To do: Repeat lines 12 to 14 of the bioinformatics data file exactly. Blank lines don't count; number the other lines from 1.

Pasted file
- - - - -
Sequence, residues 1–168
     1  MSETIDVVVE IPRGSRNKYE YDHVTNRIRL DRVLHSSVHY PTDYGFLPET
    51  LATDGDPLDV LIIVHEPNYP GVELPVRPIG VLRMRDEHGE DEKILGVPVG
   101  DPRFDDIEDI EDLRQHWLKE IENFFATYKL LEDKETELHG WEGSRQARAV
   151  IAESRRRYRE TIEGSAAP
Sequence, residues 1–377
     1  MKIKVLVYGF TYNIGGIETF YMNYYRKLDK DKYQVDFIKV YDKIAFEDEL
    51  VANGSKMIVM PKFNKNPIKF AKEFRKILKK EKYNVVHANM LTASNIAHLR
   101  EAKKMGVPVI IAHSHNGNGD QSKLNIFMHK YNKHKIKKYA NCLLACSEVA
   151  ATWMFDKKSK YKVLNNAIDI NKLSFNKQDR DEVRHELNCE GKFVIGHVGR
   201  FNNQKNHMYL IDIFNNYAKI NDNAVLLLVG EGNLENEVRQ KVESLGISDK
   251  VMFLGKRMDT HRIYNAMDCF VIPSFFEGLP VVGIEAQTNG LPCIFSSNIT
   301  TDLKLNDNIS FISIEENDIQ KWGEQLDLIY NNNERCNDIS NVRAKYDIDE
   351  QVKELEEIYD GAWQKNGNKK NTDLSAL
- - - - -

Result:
   251  VMFLGKRMDT HRIYNAMDCF VIPSFFEGLP VVGIEAQTNG LPCIFSSNIT
   301  TDLKLNDNIS FISIEENDIQ KWGEQLDLIY NNNERCNDIS NVRAKYDIDE
   351  QVKELEEIYD GAWQKNGNKK NTDLSAL